Tuesday, June 23, 2009

Taking Tea

Susan Ellison (wife of Harlan) and Kathryn Drennan (wife of JMS) took me out for tea last Sunday. I thought we were going dutch, but it turned out they wanted to treat me because they felt they hadn't been able to do anything to help us with fire recovery. It was very sweet of them. They took me to the Peninsula Hotel in Beverly Hills, where tea consisted of the lovely spread you can see in the photograph above.

Tea seatings start early at the Peninsula--around noon for the first seating, which was the one we attended. We enjoyed a glass of champagne (I wasn't driving, so it seemed like a good idea to me) and I tried the caviar treat, which was caviar and creme fraiche on a pumpernickel bread round. Good, but it added a disproportial expense to the tea.

There were lovely strawberries in cream before getting to the main meal: four kinds of savories and an equal number of sweets. The waiter suggested we eat the two kind of scones while they were still warm, and we did. They were served with clotted (or Devonshire--I don't remember which) cream and a choice of lemon curd or a chocolate-raspberry spread which was...unusual.

Susan and Kathryn like a smoky Russian tea, the name of which I cannot remember, and insisted we needed to drink the caramel-pear tea with the sweets. Both were quite good. I was a bit pedestrian with my choice of Earl Grey, which Susan finds "too fussy." I've been known to try a bit of rooibus tea, which I now know is the "bush tea" referred to in the No. 1 Ladies Detective Agency series, but I passed up on it last week.

We had a lovely time, and then went off to do a bit of retail therapy in Beverly Hills and at the Farmers' Market and the Grove. I was trying to locate La Creuset kitchen canisters in cobalt, but neither Williams-Sonoma nor Sur La Table carry them in that color. It looks like I'll have to buy them on-line.

While at the Farmers' Market, we felt the need to refresh ourselves with beverages and beignets at The Gumbo Pot, one of the few reliable places I know in Los Angeles to get New Orleans style food. The beignets were hot out of the oil, powdered with sugar, and tasted exactly like the ones at the Cafe du Monde in the Crescent City. It's been years since we were there, but we went every night of the week we were in town to cap off the day.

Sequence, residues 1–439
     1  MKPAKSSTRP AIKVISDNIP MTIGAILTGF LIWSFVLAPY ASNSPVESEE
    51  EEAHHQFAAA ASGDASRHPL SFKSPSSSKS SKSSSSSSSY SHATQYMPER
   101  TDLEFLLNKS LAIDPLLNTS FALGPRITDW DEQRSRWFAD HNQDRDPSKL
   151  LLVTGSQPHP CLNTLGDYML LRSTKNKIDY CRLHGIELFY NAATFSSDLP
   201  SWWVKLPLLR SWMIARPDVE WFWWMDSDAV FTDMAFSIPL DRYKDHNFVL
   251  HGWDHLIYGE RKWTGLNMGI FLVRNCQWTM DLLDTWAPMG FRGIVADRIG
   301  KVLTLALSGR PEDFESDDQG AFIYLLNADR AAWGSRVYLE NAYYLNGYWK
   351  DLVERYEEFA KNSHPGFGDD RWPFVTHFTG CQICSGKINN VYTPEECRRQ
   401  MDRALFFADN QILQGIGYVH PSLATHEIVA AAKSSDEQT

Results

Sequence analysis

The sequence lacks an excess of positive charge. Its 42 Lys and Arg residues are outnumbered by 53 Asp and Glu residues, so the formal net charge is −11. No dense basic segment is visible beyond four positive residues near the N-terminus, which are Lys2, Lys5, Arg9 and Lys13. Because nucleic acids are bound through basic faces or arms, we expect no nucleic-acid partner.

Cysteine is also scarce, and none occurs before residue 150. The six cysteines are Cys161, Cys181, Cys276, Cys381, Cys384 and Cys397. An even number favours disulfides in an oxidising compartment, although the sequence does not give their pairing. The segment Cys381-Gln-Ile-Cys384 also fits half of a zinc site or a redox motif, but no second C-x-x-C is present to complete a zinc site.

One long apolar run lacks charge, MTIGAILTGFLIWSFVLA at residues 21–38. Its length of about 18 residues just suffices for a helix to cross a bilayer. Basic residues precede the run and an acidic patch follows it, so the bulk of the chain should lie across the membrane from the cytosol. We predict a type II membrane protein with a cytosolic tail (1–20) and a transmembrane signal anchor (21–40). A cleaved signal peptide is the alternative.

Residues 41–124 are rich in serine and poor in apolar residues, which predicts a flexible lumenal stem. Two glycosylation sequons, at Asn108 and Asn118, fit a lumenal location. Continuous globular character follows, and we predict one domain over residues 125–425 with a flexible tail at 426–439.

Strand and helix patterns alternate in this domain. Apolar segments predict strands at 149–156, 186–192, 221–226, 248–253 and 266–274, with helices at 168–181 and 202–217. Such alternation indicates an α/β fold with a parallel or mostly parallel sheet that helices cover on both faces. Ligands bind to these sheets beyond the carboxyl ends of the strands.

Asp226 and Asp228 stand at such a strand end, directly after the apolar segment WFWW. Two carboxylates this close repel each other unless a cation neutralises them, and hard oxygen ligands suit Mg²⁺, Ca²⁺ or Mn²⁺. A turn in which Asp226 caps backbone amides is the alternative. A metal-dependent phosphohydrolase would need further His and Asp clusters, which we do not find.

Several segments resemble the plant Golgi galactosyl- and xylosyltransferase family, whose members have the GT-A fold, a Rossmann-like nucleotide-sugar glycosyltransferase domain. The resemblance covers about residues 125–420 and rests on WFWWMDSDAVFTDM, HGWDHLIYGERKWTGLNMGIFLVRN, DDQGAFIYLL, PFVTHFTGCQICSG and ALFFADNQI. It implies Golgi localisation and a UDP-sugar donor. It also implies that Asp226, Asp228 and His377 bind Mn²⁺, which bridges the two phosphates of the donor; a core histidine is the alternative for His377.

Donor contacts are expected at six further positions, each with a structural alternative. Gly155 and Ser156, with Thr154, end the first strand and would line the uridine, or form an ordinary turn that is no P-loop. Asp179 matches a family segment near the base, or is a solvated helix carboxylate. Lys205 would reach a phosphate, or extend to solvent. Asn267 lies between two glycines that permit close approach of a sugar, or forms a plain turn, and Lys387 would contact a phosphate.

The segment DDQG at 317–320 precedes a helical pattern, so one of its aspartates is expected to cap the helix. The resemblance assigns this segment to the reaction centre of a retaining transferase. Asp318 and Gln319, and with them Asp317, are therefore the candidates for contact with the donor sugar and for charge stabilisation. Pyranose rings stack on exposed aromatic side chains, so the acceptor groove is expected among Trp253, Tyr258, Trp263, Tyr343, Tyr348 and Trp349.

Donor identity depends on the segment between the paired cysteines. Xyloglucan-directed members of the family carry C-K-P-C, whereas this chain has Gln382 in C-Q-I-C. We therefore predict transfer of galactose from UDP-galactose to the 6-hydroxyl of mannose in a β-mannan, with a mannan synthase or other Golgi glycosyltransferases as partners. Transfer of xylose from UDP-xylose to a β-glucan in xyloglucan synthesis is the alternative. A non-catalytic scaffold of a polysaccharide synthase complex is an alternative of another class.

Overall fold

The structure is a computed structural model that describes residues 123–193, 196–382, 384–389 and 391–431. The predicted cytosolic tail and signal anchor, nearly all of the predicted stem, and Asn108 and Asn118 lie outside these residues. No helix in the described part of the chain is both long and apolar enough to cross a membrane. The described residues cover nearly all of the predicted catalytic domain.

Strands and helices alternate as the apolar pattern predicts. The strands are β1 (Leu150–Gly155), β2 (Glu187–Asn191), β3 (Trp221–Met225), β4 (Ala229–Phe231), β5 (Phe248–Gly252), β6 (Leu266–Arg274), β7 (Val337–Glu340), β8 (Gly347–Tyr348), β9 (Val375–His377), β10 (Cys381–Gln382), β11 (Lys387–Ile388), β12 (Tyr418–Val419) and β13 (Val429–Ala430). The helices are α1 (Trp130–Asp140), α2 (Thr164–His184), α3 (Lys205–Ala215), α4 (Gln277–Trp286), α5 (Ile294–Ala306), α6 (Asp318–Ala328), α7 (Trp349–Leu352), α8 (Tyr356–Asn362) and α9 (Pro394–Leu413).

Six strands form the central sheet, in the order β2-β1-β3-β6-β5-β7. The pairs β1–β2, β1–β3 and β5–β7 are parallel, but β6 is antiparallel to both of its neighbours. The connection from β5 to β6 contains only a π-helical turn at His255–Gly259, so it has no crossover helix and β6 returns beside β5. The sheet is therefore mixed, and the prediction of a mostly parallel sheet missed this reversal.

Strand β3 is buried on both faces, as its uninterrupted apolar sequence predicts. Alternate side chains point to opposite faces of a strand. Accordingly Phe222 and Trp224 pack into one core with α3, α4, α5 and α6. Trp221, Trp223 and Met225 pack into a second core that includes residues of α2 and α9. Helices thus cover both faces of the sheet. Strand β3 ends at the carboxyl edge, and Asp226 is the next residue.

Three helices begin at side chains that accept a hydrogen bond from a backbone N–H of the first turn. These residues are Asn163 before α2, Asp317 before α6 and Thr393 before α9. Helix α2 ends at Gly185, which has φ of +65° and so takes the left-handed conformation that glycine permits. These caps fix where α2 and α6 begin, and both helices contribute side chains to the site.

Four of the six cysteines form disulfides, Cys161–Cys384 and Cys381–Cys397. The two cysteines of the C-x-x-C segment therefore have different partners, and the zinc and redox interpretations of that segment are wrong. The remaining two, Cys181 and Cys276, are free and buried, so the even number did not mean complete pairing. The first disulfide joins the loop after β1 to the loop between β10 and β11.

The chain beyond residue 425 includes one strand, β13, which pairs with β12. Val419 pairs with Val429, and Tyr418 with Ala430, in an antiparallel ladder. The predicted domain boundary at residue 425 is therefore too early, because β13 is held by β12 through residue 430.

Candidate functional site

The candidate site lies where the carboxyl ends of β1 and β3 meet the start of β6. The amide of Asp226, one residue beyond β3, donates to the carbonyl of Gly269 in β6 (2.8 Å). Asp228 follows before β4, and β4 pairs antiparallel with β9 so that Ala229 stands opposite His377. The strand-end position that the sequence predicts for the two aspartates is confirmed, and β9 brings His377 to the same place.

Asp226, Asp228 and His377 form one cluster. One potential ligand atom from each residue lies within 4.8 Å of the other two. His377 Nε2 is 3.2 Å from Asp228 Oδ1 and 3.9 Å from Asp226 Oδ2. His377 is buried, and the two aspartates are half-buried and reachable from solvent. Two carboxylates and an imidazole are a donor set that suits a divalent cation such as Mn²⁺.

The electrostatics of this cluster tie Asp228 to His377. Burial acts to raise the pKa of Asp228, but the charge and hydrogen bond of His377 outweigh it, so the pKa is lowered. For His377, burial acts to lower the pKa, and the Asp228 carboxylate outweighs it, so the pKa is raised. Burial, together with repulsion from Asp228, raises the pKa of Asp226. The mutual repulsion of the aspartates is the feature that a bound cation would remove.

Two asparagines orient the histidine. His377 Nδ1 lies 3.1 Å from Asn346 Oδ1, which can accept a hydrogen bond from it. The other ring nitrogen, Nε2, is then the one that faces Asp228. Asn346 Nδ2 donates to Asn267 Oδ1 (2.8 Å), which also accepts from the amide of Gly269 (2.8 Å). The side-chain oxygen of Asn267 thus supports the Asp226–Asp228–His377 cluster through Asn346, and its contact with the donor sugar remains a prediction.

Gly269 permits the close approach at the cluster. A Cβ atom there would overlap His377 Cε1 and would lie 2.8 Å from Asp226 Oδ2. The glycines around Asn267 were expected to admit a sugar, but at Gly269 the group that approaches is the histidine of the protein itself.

It's too bad that Susan and Kathryn don't go to San Diego Comic-Con, because there are several tea shops I'd like to take them to. We've decided to give Gordon Ramasy's restaurant at London West Hollywood a try for tea sometime soon.

Meanwhile, I'm going to reprint the recipes for the best scones ever. They came from the Ticky-Boo Tea Shoppe in Carlsbad, which went out of business virtually overnight much to our disappointment. I don't know what shape my cookbook from there is in, wherever it is in the warehouse, so I was thrilled to remember I had put it in to this blog early on. Enjoy:

Ticky-Boo Scones

2 C. All-purpose Flour
1 T. Baking Powder
1/2 tsp. Salt
1/3 C. Sweet Butter
1/4 C. Vegetable Shortening
1/3 C. Heavy Cream
Splash of Water

Place baking sheet in oven and preheat to 450 degrees F.
Sift the measured dry ingredients together, twice.
Dice fats into the dry ingredients, then lightly rub with cool fingertips or pastry blender. Make a well in center and stir in cream. Lightly mix with a fork until a soft dough forms. If dough is dry, add water, sprinkling a little at a time until the dough is perfect for kneading.
Turn out on a well-floured board and knead very lightly for about 1/2 minute for a loose smooth dough. Roll out with a rolling pin or pat with hands to approximately 3/4" thick.
Stamp out with a cutter or cut into triangles with a sharp knife. Knead together any trimmings and stamp out again, continuing until all the dough is used.
Lift with a spatula onto the preheated baking sheet, placing them 1" apart. Brush tops only with beaten egg or milk (optional--I don't.)
Bake toward the top of the oven for approximately 10-15 minutes or until well risen and golden brown. Remove and turn out onto a wire rack for cooling. Best served warm with clotted or Devon Cream and jam or curd.
This basic recipe may be adjusted to add currants, raisins, cheese with sage and walnuts, chocolate chips, dried fruit, or any other spice or variety you choose.

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